5 Ways Business Owners Can Be Financially Savvy
If you’re passionate about your business and strive for success, it’s essential to get to grips with your finances and build a stable financial future.
Especially for new businesses or those dipping their toes into the world of finance, it can feel like a daunting task. You may have said to yourself ‘I’m just not a numbers person’ or ‘I don’t understand spreadsheets!’ It’s common to want to focus all your attention on the parts of your business that don’t involve money, like customer service, product development, or marketing.
For ambitious business owners this is a very common frustration, but luckily, it’s easier than ever to become a finance whizz and build up your money confidence.
I have put together five simple steps that will lay the groundwork for you to understand your business’ finances, as well as some simple exercises to get you started. They’re not going to triple your profits overnight (sorry!), but they are vital when it comes to thinking about how your business is progressing financially.
Step 1: Positive Money Mindset
Before anything else it’s essential that you’re in the right money mindset. Instead of thinking of your finances as something that chugs away in the background, you need to prioritise your businesses finances.
When you start to dig down and take the time to learn more about money management, you may have to challenge your preconceived ideas about your business. It will all be worth it to better understand where your business is, and where it needs to be.
Exercise: My Relationship with My Business Finances
Write down 3 positive changes you can make to your financial mindset in your business. Don’t worry about specific numbers – we’ll get into that later.
e.g. “I will be able to understand what products make me the most money” or “I will be able to predict our monthly sales better”
Step 2: Get to Know Your Finances
Once you have established a positive money mindset, it’s time to get practical. This step involves understanding where your business is making or losing money. Gather all the financial information you have for your business, whether it’s receipts, expenses, or bank statements. This may take some time but it’s a very important step towards working out
where you may have gaps in your knowledge or information.
Once you have a good picture of your accounting, start to split your accounts by month or year, depending on what information will be most valuable to you. Can you detect any trends? Which months did you do well? Which did you do less well? Is there overall growth in your business? Which products or services are selling the best?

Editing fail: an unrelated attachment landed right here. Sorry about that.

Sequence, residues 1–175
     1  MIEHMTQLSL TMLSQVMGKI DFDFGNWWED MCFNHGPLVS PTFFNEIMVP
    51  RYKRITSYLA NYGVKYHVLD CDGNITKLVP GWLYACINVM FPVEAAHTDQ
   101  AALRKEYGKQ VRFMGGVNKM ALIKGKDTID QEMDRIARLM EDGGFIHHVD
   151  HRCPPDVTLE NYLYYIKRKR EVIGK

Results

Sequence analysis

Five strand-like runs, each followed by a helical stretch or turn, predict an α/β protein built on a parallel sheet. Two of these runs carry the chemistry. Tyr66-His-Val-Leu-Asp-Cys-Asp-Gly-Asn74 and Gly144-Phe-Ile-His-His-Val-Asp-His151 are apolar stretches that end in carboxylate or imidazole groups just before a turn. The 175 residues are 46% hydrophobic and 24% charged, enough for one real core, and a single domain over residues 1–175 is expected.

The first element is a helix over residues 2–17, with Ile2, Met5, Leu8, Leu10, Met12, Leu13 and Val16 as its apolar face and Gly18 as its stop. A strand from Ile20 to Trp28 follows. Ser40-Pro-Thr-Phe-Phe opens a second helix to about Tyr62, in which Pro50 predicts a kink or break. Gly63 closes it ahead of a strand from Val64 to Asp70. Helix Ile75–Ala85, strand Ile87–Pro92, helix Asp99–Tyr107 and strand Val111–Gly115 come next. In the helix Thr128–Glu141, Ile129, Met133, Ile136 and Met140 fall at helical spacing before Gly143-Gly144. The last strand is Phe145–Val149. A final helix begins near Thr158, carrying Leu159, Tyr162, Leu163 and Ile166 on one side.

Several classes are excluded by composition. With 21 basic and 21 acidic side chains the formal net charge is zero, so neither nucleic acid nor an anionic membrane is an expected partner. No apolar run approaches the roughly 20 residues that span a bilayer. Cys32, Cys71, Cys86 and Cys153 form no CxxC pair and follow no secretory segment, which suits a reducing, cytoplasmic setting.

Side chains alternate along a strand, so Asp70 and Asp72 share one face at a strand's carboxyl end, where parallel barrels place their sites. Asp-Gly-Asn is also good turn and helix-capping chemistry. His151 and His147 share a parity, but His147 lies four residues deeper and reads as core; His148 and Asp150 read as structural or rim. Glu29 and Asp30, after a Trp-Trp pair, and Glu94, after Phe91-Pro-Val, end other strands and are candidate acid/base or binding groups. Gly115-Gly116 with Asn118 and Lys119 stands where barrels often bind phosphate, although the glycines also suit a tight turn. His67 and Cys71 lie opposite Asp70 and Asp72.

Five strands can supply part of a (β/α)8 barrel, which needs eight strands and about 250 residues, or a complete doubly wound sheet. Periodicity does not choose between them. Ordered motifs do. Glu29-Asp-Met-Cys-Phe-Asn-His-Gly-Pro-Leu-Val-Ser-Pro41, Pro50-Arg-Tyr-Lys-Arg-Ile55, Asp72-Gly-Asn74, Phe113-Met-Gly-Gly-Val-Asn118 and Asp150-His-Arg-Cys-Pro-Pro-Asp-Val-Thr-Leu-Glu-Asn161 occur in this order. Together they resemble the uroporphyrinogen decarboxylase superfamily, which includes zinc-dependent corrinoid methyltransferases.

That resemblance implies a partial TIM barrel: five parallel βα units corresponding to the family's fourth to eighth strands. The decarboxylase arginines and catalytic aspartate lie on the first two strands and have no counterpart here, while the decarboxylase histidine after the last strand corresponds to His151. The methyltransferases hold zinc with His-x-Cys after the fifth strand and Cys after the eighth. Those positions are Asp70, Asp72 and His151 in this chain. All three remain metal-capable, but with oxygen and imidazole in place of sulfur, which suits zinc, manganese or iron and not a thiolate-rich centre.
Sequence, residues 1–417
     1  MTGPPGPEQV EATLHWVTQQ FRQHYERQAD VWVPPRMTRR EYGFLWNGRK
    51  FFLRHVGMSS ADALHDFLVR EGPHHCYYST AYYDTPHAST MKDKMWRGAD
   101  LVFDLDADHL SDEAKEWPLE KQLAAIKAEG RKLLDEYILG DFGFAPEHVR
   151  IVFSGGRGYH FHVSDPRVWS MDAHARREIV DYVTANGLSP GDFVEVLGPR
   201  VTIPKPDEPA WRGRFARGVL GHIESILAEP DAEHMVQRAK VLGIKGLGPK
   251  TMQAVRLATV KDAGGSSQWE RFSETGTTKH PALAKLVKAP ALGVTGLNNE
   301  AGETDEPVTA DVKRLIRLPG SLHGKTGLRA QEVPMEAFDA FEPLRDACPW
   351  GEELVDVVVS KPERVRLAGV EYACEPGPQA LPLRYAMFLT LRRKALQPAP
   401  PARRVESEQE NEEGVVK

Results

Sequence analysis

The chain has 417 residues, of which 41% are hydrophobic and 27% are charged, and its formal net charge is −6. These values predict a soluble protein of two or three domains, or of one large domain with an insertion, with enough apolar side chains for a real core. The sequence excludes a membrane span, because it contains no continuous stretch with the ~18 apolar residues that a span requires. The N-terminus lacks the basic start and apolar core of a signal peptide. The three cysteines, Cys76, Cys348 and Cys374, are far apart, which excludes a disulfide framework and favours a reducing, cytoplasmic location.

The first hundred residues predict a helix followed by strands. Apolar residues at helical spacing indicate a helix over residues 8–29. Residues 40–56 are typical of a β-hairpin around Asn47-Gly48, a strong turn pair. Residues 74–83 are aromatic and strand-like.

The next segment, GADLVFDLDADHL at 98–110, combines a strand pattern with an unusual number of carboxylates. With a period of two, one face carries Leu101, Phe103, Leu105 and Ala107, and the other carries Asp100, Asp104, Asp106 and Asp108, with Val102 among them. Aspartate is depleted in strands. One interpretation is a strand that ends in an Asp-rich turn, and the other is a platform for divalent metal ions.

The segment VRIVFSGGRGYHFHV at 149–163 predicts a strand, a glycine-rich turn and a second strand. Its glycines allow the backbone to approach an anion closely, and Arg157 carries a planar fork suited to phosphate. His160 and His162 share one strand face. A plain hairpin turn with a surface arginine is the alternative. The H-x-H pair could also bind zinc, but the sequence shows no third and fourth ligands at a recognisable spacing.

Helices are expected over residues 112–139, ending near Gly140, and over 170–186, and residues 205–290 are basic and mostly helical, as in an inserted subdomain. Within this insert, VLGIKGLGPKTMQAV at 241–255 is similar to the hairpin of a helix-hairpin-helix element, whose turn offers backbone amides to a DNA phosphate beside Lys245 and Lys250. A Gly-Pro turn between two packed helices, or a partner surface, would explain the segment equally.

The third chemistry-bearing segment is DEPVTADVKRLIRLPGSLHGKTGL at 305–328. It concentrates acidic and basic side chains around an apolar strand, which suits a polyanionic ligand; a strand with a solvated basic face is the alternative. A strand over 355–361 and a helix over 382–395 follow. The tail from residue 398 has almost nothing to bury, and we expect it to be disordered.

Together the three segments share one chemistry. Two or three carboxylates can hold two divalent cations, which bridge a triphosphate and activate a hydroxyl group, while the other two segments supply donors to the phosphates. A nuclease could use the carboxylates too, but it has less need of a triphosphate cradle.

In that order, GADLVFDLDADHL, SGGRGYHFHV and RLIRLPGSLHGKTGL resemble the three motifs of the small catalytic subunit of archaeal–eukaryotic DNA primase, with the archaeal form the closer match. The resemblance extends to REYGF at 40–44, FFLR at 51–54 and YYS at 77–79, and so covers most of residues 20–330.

Exercise: Understanding my Business
Try and figure out any causes you can detect for these trends or changes. Did a strong month coincide with launching a new product? If your business isn’t growing, what’s causing that – a lot of product returns? A lack of repeat business?
These are all vital parts of understanding how your business is doing, so write down anything you think you can detect, and the reasons. Example:
December was a good month
+£500 in sales
Overall slow decline in sales
2% decline YoY
Sales are up but returns are up too
Step 3: Your Financial Focus
Once you have identified a handful of financial trends you can begin to clarify some tangible goals that will be considered with every business decision you make. These goals should be concrete and include specific numbers. I recommend including a date you want to achieve this goal by, so you know when to check and see if your financial planning was successful.
Exercise: Setting Business Goals
Don’t beat yourself up is you don’t achieve these goals, by setting measurable targets you will increase your financial savviness month on month and become more and more conscious of your business’s finances. Example:
Reverse overall decline in sales and add growth by maximising revenue in December using a holiday sale.
+£500 monthly sales
Step 4: Setting Your Course
Now you have a set of clear financial goals, it’s time to start considering how you will get there.
Start thinking about what actions you’re going to take on a daily/weekly/monthly basis. Is growing your business about running more offers to take advantage of seasonal trends? If you’re losing a lot of money to product returns, is it to do with the way you advertise your products? Or is your customer service not proactive enough?
Exercise: My Business Action Plan
Think about the financial impact of these changes, as well. Do you have the budget to spend some money to save some? Would you be better off hiring someone to take care of customer service for you? Example:
Predicted change to business finances
Create better product guides to reduce return rate by ensuring customers know how to use their products
-30% to product returns
Step 5: Review, Rewrite, Repeat
Once you have a good understanding of where your businesses finances are and where you want them to be in the future, it’s essential that you review your finances regularly. I recommend scheduling some time each month to analyse your businesses financial health.
Your goals will likely change over time as your business grows and your financial know-how develops, so make sure to review these often and check your overall objectives are in line with your business.
In time you will see the fruits of your labour when real progress is made. Make sure you take the time to celebrate your wins – really shout about meeting your goals (and let me know if you found these tips helpful!).